Health benefits for unmarried couples ruled constitutional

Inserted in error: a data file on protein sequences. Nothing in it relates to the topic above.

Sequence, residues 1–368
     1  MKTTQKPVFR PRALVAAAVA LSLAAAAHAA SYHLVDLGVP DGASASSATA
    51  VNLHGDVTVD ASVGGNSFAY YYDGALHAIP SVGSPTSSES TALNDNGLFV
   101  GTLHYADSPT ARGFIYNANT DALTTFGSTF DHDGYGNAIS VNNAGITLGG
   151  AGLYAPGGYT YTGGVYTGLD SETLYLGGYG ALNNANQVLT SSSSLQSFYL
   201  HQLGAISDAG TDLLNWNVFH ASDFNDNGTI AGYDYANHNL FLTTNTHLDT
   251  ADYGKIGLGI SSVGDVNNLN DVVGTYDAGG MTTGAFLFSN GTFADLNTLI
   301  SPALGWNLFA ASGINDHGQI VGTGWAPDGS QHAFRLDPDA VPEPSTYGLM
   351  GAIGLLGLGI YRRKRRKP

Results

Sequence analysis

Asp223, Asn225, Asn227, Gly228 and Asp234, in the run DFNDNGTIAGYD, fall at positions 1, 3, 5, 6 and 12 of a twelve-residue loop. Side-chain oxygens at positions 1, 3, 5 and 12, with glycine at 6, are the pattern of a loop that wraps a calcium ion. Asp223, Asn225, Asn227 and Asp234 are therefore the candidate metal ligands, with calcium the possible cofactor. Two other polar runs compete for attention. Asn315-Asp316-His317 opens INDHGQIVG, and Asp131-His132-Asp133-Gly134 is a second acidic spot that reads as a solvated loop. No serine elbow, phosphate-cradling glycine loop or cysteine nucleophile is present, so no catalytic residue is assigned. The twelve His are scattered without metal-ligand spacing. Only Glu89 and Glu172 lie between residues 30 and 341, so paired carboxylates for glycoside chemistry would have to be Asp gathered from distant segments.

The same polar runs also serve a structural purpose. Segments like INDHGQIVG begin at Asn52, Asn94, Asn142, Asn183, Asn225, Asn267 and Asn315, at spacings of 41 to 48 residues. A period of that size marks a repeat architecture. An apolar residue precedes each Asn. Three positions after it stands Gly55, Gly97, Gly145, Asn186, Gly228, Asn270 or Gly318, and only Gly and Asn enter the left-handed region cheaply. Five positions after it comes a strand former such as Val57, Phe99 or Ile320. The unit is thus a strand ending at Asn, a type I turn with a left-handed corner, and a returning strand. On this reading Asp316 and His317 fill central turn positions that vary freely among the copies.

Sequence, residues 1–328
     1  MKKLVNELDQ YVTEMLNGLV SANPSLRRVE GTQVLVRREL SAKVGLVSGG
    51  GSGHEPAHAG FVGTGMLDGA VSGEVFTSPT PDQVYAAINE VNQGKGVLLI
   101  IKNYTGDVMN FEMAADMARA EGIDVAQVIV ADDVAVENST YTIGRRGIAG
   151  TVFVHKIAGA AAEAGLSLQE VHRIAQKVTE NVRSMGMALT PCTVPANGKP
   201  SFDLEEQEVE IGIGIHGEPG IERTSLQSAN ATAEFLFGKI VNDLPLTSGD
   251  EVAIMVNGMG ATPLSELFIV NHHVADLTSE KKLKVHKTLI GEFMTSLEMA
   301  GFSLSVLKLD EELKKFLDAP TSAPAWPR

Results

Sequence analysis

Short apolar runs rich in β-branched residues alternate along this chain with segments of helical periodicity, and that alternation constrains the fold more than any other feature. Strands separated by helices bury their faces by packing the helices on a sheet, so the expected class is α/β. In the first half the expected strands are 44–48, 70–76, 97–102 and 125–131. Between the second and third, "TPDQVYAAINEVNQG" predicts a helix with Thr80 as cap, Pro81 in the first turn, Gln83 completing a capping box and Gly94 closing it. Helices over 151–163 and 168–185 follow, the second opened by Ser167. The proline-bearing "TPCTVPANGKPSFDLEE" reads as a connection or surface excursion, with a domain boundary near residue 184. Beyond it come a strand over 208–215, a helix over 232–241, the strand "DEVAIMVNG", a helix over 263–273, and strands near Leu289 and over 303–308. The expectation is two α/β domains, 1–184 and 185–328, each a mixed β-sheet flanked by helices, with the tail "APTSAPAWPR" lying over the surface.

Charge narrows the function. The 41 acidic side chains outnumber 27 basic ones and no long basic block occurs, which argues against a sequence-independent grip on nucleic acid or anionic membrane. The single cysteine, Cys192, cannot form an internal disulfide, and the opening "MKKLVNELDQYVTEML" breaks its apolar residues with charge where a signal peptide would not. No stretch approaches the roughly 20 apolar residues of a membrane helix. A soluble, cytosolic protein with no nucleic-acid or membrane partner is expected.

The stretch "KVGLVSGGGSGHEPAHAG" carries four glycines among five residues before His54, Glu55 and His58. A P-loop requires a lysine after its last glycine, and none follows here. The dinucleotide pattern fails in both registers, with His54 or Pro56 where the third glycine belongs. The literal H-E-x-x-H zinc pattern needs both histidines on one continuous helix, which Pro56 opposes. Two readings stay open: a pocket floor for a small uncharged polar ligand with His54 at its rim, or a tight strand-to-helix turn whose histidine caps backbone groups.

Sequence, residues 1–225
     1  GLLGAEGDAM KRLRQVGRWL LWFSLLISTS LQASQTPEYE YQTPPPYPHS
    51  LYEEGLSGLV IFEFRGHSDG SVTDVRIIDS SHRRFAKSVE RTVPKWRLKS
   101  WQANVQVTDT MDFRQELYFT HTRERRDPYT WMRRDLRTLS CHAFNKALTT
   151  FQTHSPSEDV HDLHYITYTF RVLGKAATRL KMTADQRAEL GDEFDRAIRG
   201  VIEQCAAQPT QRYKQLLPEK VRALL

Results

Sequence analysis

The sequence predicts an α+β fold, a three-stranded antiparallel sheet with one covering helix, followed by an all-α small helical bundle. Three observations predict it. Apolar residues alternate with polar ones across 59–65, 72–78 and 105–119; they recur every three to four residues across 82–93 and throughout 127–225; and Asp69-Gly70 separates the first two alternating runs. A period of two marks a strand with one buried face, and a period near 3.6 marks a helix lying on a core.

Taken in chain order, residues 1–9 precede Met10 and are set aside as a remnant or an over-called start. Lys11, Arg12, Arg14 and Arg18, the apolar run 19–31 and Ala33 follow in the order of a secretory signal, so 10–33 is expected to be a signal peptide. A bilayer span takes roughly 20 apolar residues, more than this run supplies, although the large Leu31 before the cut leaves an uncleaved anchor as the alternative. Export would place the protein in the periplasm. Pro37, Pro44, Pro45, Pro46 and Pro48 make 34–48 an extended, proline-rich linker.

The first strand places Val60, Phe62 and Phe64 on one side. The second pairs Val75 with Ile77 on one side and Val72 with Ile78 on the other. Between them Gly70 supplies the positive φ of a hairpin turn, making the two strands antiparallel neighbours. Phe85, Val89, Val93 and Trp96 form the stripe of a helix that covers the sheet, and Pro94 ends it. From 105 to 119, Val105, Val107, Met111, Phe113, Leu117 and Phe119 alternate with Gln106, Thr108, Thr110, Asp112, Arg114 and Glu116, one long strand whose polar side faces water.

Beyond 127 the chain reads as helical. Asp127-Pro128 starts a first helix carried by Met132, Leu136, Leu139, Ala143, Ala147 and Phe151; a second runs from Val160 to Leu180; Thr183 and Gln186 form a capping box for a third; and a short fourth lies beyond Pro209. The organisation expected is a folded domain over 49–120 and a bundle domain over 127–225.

By Brian Frasier Dolan Media Newswires State agencies can allow "domestic partnership'' policies" for unmarried adult co-residents of their employees, the Michigan Court of Appeals held in the unpublished Attorney General v. Civil Service Commission. A court majority drew a distinction between the situation in National Pride at Work v. Governor, a 2008 case in which the Michigan Supreme Court said state agencies couldn't confer benefits for same-sex partners because of the Michigan Marriage Amendment. The differences between the policies in each case are significant, the majority said. "Our Supreme Court concluded that the domestic partnerships under discussion were being treated as 'marriage[s] or similar union[s]' within themeaning of the Marriage Amendment," the majority wrote in a per curiam opinion. "However, although our Supreme Court concluded that the Marriage Amendment precluded recognition of domestic partnerships for purposes of providing health-care benefits, our Supreme Court did not resolve that health-care benefits are a specific benefit of marriage or that the Marriage Amendment somehow precludes employers from offering health-care benefits to people other than spouses of employees." The policy in Attorney General allows for any "Other Eligible Adult Individual," which would allow for heterosexual unmarried couples to benefit as well, as long as the non-employee is over 18, not a member of the immediate family, and has jointly shared and continues to share the same permanent resident for at least one continuous year. It doesn't apply to tenants, boarders, renters or employees. "This policy is unambiguously completely gender-neutral," the majority wrote. "Furthermore, while it does not allow married employees to share their benefits with anyone other than spouses and does not allow employees to share their benefits with close blood relations, it does not depend on the employee being in a close relationship of any particular kind with the OEAI beyond a common residence." While the Marriage Amendment, however, prohibits the recognition of civil unions as marriage, it doesn't "prohibit incidentially benefiting such agreements." The majority consisted of Judges Amy Ronayne Krause and Stephen Borrello. Judge Michael Riordan dissented, arguing that the OEAI provision "is arbitrary and wholly unrelated in a rational way to [its] objective." He said the lower court didn't provide any record to show the provision is supported by a rational basis, which, he said, there isn't one to be found. "While honoring the collective bargaining process certainly is important, it cannot be done in violation of the constitution," he wrote. "The OEAI provision endorses an arbitrary distinction between classes of people based on familial relations, with no rational basis and no factual basis for such a distinction. Thus, it is a status-based enactment divorced from any factual context from which could be discerned a relationship to legitimate state interests." Published: Thu, Jan 17, 2013

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